Caribbean beaches are littered with single-use plastics

Article by Karin Kemper & Tahseen Sayed, www.blogs.worldbank.org

Concern about the world’s oceans is growing. Overfishing threatens fisheries, coral reefs caribbeanpollutionare declining and disappearing, and the number of dead zones is increasing. A dearth of waste management on land results in pollutants and debris, including plastics, finding a home in the ocean.

A new World Bank report, Marine Pollution in the Caribbean: Not a Minute to Waste, analyzes the causes and offers solutions for ocean pollution in one of the world’s most popular tourist destinations, now a hotspot for marine debris, especially plastics.

In the Caribbean and around the world, plastics and other waste are more likely to end up in the oceans when waste is poorly managed, such as through open dumping, open burning, and disposal in waterways.

The marine litter found in the Caribbean comes both from the region and from northern waters, brought in by prevailing currents.

Studies have measured the concentration of plastics across the Caribbean Sea and found as many as 200,000 pieces of plastic per square kilometer in the northeastern Caribbean, according to the report.

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Seychelles Launched Blue Bonds – What are Blue Bonds (FAQs)

What is a Blue Bond?

The blue bond is a debt instrument issued by governments, development banks or others

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to raise capital from impact investors to finance marine and ocean-based projects that have positive environmental, economic and climate benefits. The blue bond is inspired by the green bond concept, which people are more familiar with.

Why did Seychelles decide to issue a Blue Bond?

Like many small island states, Seychelles’ economy is highly dependent on the ocean and on fisheries for food, nutrition and livelihoods; marine habitats, and other blue economy sectors such as tourism. After tourism, the fisheries sector is the country’s most important industry, contributing significantly to annual GDP and employing 17% of the population. Fish products make up around 95% of the total value of domestic exports.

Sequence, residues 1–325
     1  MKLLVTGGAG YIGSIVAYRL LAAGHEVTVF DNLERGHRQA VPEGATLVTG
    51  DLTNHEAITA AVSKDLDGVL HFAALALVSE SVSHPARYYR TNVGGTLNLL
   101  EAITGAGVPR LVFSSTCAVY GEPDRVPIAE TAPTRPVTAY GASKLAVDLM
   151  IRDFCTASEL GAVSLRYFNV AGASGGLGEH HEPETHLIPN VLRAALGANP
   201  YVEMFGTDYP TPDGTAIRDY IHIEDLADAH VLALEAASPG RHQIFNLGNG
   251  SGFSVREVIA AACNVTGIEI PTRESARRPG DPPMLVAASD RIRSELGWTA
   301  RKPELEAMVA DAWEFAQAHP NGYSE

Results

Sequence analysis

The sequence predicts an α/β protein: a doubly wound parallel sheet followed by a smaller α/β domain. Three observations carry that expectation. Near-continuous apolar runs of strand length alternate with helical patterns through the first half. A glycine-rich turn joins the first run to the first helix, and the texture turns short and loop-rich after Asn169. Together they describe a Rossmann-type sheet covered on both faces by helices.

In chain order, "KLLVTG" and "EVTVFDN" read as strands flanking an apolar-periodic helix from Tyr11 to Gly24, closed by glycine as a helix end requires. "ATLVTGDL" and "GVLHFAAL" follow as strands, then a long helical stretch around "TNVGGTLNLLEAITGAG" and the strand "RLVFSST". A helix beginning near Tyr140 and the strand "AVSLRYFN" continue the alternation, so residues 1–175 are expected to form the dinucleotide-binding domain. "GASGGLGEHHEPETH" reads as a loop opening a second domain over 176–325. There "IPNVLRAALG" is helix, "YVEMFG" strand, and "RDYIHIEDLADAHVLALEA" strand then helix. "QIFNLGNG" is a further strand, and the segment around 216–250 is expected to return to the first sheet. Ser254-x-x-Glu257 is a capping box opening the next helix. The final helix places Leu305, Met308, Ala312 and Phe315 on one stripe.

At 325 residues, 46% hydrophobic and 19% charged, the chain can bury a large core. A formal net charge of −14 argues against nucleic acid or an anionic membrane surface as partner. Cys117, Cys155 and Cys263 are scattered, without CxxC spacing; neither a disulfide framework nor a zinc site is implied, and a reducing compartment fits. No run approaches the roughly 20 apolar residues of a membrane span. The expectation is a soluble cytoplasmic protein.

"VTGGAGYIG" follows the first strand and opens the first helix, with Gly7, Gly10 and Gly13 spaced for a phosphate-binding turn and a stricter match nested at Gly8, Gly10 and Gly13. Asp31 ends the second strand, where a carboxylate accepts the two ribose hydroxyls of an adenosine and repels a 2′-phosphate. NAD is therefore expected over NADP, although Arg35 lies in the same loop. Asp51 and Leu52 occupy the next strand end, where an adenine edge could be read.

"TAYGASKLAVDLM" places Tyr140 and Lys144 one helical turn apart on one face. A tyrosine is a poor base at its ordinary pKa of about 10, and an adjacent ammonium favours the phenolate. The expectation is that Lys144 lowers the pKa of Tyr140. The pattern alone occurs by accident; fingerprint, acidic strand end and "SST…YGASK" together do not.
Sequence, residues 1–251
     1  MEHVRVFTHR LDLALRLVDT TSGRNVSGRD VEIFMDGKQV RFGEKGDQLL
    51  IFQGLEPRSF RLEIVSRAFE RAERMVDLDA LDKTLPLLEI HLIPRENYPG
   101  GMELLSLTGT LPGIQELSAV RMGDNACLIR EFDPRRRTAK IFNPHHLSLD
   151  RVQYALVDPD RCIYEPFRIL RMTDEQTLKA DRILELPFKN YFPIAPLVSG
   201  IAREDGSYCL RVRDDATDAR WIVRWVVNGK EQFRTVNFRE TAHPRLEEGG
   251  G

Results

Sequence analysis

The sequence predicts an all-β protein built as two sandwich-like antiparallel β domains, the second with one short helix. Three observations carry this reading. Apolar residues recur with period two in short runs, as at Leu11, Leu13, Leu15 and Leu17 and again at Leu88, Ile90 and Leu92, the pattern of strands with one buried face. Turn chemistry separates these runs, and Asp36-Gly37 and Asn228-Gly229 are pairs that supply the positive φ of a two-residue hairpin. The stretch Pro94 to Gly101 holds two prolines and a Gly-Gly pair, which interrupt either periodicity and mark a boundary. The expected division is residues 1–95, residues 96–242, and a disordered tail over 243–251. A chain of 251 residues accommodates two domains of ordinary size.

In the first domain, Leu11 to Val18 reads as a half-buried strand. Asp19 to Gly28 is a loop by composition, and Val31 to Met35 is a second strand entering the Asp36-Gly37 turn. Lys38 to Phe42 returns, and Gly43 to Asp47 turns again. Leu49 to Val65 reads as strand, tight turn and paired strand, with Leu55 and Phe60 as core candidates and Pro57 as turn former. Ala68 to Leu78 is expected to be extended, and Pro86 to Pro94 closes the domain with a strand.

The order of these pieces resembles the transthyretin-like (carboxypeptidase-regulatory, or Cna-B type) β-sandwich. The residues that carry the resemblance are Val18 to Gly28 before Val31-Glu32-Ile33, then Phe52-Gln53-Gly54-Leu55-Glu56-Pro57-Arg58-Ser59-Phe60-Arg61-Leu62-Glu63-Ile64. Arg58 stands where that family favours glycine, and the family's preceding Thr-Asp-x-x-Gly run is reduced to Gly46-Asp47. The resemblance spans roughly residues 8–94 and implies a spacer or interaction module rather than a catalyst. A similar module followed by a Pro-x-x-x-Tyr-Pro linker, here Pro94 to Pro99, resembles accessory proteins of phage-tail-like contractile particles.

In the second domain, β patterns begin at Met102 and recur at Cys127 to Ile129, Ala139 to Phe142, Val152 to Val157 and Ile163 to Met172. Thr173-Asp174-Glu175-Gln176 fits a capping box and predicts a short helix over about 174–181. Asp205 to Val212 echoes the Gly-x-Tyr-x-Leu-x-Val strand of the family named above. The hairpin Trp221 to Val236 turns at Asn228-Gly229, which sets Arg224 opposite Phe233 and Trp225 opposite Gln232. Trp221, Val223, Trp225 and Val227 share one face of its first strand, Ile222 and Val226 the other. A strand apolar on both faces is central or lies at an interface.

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eC2: National Inventory, Metrics, and Hotspots Assessment of Marine Plastics Debris in Key Indonesian Cities

Deadline:  20-Oct-2018 at 11:59:59 PM (Eastern Time – Washington D.C.)eu-plastic-regels-2019.jpg

The primary objective of this Consultancy is to strengthen the metrics, monitoring, and knowledge base of marine debris in key Indonesian cities, using robust field sampling and mathematical modelling. The assignment will document the distribution of plastic in the ocean, on the coast and in the nearshore environment generated by key cities around Indonesia that have been identified as having significant waste mismanagement or losses into the marine environment, and building up from a recent rapid hotspot assessment. Embedded in this assignment are specific tasks to customize global methods, sampling protocols and metrics to the Indonesian context. The tasks will also help develop a national inventory and monitoring database. Finally, with more robust, comparable baseline of information, this assignment will help evaluate policy options for solutions at the local, and national scales.

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